• 5-15% improvement in maximal strength efforts
  • 1-5% improvement in single effort sprints
  • 10-15% improvement in repeated sprints
  • 5-15% increase in work performed in sets of max efforts

(Kreider, R.B., Effects of creatine supplementation on performance and training adaptations. Mol Cellular Biochem., 2003 Feb;244(1-2):89-94)

However, non-respondent groups have also been noted. That is, study participants that have taken creatine and trained alongside placebo controlled participants ending up with similar results.

One hypothesis is that creatine is more beneficial if you have fast twitch muscle fibres. Your fast twitch, type 2 muscle fibres are recruited for short duration maximal efforts where as slow twitch are used for longer duration. So if your muscle fibre make up is predominantly slow twitch you simply may not get the benefits.

Aggression, Kidney Failure and Cramping!

A major concern if you’re a parent of adolescents taking creatine is anger issues. Among the research produced to date on CM and exercise there is no scientific evidence of creatine causing an increase in unpredictable anger. If anything your son or daughter may be succumbing to the pressures of their sport or may even be taking more sinister substances.

Do we recommend adolescents take creatine?

No, not because it’s unsafe but we don’t recommend adolescents take protein or amino acids either unless medically necessary or elite level sport is involved.

Adolescents need to lay foundations with a good diet and proper strength training program. A multi-vitamin, fish oil and pro-biotic are okay. But young men and women need to learn the value of hard work and commit to looking after their bodies through a proper diet as opposed to throwing supplements down their gob.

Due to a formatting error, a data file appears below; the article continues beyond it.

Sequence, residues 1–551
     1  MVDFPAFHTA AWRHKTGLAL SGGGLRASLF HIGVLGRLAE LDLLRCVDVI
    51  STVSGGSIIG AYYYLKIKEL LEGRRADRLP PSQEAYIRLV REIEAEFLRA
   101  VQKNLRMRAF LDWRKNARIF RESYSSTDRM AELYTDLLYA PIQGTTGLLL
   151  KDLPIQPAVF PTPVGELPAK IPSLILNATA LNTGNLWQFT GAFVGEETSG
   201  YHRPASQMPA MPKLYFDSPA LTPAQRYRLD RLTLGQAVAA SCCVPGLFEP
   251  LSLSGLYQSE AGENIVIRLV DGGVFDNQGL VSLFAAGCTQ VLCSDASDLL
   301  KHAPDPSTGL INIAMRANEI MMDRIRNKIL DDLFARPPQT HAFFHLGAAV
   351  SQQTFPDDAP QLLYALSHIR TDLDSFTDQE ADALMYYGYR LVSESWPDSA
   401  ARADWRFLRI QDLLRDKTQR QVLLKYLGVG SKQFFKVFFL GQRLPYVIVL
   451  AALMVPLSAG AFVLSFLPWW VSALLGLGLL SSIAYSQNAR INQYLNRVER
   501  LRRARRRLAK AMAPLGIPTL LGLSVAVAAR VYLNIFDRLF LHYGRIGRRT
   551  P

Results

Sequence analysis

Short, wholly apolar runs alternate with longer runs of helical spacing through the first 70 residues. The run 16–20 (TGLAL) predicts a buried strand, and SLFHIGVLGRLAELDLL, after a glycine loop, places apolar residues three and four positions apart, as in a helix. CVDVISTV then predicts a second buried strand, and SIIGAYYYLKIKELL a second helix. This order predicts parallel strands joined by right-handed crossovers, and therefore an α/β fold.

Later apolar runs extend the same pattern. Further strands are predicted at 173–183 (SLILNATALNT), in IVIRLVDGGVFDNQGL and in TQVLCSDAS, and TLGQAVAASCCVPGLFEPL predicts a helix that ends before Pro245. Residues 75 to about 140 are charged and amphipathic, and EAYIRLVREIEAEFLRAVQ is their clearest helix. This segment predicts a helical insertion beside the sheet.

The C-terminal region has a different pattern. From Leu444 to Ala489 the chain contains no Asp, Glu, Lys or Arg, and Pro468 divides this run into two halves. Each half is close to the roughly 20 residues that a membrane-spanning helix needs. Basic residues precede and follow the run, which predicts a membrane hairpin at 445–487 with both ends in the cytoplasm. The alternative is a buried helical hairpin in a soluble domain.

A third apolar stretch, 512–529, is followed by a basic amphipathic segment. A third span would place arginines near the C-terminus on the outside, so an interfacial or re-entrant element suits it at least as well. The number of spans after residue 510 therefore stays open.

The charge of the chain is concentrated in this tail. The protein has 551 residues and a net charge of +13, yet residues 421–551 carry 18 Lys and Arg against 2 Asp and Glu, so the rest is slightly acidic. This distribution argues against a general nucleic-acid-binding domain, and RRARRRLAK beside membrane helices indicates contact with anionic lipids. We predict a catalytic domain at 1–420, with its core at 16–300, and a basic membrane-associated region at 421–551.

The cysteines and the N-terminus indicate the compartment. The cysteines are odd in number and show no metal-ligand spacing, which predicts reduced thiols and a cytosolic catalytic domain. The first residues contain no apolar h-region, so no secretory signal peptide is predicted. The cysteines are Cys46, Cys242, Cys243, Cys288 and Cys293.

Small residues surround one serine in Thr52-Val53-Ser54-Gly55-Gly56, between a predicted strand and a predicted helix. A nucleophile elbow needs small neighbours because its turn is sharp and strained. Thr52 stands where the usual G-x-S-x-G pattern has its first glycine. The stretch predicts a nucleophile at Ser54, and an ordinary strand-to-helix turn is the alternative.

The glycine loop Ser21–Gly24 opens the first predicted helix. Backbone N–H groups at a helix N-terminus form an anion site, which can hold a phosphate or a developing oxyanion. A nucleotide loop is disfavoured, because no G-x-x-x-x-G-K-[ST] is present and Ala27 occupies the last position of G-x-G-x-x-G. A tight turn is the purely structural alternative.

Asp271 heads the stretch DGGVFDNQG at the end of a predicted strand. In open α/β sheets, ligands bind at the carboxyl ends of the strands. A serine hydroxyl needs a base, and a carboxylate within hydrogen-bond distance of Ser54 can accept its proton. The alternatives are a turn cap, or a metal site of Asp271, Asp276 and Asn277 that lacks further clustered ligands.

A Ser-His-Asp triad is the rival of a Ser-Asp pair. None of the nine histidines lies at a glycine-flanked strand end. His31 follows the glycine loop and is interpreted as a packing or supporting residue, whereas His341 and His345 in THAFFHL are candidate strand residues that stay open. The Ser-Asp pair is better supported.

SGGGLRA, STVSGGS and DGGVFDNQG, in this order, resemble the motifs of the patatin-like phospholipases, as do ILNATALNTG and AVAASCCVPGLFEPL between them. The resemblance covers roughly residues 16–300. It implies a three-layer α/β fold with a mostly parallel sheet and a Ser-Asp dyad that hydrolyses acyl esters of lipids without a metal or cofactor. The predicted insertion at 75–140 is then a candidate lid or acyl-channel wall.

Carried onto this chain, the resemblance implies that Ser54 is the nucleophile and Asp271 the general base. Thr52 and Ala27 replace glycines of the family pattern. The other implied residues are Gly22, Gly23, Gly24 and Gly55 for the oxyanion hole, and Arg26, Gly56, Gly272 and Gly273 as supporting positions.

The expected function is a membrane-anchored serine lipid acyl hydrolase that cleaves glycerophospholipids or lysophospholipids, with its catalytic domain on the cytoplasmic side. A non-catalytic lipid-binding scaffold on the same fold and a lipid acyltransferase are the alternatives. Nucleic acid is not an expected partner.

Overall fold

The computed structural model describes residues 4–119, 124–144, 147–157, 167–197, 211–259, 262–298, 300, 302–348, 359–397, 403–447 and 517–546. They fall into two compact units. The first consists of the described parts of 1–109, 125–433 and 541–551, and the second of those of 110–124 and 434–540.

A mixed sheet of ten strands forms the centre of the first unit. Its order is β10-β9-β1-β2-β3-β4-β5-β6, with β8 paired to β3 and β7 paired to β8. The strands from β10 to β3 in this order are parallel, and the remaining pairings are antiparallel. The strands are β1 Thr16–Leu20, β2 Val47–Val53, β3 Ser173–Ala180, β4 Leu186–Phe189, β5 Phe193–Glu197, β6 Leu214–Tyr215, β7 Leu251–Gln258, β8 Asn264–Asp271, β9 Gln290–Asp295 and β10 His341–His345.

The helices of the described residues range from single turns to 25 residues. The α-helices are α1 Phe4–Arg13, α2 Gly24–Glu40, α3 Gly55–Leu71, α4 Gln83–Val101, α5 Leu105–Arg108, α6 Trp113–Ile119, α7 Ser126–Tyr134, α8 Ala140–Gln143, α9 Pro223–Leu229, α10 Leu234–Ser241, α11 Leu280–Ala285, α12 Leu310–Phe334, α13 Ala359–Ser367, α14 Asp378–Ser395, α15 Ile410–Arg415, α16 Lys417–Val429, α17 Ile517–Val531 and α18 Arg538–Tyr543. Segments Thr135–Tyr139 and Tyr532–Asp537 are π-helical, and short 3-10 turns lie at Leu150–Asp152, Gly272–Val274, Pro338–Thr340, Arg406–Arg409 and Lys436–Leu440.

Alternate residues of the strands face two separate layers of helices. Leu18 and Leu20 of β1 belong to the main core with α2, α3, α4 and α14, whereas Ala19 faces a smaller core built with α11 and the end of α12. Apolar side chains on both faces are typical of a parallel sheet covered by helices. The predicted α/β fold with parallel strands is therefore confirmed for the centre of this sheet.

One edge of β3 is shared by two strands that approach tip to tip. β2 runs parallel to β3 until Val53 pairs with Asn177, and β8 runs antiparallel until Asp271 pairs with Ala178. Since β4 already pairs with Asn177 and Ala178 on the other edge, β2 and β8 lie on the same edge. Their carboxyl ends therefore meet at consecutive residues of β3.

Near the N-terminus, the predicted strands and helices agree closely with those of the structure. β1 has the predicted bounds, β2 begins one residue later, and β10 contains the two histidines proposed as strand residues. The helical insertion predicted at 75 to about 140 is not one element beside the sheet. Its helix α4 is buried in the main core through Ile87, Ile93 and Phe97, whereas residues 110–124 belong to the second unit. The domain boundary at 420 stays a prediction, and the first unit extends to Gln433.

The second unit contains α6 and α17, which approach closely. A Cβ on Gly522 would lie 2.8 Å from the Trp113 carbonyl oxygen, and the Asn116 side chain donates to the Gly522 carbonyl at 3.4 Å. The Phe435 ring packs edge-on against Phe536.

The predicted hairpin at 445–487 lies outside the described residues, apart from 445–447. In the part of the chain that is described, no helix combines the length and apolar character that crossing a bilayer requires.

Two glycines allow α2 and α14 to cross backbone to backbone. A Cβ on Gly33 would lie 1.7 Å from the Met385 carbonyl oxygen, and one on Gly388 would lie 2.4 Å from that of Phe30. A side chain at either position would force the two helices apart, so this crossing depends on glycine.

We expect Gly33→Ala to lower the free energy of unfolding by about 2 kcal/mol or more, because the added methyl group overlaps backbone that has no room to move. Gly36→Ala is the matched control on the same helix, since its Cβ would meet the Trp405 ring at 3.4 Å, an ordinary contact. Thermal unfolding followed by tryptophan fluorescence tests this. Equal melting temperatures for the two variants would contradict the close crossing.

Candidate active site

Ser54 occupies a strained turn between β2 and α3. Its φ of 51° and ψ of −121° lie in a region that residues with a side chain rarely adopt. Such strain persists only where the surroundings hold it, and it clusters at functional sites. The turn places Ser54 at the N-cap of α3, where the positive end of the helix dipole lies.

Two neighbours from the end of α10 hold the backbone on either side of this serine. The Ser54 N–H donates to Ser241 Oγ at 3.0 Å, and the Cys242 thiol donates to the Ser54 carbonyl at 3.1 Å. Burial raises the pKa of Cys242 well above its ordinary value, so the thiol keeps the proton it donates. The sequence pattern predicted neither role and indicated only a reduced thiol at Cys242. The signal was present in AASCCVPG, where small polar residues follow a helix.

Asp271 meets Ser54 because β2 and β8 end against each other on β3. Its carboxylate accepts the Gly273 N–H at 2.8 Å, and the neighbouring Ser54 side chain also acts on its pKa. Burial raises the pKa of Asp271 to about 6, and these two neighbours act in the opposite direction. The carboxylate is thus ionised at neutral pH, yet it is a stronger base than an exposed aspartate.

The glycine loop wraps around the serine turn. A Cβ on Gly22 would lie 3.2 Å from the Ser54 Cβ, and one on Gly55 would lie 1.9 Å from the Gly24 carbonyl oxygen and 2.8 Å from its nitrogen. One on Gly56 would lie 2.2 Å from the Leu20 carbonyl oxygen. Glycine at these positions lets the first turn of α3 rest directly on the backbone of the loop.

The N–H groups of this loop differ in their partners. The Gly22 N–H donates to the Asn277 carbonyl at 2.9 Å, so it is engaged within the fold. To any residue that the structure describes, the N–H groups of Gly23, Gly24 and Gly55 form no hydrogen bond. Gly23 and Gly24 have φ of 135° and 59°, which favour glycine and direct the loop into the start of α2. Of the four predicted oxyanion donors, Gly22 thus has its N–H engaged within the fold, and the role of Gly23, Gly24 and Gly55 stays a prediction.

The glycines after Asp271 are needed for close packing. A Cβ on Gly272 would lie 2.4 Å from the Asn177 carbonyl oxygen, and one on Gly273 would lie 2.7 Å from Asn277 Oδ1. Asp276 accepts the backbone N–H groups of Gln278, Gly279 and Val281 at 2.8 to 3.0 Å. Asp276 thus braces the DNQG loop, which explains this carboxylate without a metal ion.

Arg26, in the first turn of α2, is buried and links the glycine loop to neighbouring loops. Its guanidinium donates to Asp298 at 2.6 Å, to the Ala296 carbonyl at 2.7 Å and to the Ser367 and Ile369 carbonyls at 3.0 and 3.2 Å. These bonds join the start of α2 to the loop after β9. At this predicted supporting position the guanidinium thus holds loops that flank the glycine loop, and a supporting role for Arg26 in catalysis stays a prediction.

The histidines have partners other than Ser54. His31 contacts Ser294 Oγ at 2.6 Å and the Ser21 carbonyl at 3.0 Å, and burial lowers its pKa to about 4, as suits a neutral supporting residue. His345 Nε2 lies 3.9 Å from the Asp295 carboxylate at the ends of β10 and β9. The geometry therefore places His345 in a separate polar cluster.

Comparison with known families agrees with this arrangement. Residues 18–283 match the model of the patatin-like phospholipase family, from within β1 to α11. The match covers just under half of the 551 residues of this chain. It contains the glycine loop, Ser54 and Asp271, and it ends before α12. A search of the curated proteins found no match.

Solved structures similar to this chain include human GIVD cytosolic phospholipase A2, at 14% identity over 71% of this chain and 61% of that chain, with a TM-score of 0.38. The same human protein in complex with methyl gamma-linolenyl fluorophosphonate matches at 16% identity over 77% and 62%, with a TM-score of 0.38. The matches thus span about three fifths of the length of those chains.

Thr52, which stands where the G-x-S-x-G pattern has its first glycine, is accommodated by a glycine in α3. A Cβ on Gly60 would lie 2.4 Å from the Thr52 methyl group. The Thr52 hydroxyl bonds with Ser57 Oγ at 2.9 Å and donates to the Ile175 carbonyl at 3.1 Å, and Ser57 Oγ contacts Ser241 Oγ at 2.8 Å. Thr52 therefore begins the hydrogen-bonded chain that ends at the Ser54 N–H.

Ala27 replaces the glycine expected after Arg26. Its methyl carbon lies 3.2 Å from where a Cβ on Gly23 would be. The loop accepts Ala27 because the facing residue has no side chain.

And as for kidney failure, the concern around CM ingestion is that its breakdown or by-product, creatinine, has adverse impacts on renal function. According to the International Society of Sports Nutrition (ISSN),

there is no evidence to support the notion that normal creatine intake (<25gr/day) in healthy adults causes renal dysfunction. (5)

Aggression, kidney failure and cramping seem to be nutritional myths around creatine as no scientific papers see a cause and effect among normal, healthy individuals. So decide for yourselves folks, it this something that may be of benefit to your training and competitions or will it land you in the emergency department!

We’ll leave you with The ISSN’s final thoughts,

The tremendous numbers of investigations conducted with positive results on CM supplementation lead us to conclude that it is the most effective nutritional supplement available today for increasing high intensity exercise capacity and building lean muscle mass. (6)


(2) Terjung RL, Clarkson P, Eichner ER, et al. The physiological and health effect of oral creatine supplementation. Med Sci Sport Exerc 2000; 32 (3): 706-16

(3) Yquel RJ, Arsac LM, Thiaudiere E, et al. Effect of creatine supplementation on phosphocreatine resynthesis, inorganic phosphate accumulation and pH during intermittent maximal exercise. J Sports Sci 2002; 20: 427-37

(4) Kreider, R.B., Effects of creatine supplementation on performance and training adaptations. Mol Cellular Biochem., 2003 Feb;244(1-2):89-94

(5) Buford W.T., Kreider R.B., Stout J.R., Greenwood M., Campbell B., SPano M., Zeigenfuss T., Lopez H., Landis J., Antonio J., International Society of Sports Nutrition positional stand: creatine supplementation and exercise. Journal of ISSN, Aug., 2007

(6) Buford W.T., Kreider R.B., Stout J.R., Greenwood M., Campbell B., SPano M., Zeigenfuss T., Lopez H., Landis J., Antonio J., International Society of Sports Nutrition positional stand: creatine supplementation and exercise. Journal of ISSN, Aug., 2007